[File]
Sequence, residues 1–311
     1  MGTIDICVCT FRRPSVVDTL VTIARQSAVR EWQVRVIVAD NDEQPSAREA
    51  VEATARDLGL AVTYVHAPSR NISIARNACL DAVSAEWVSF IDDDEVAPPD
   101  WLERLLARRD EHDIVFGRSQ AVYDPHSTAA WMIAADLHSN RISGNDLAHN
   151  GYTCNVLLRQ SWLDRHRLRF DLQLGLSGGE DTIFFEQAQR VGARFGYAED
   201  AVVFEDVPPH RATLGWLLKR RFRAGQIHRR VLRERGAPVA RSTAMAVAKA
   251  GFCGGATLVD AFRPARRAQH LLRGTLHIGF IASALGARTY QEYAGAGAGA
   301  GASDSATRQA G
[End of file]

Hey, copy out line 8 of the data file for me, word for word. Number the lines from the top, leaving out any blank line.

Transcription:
   301  GASDSATRQA G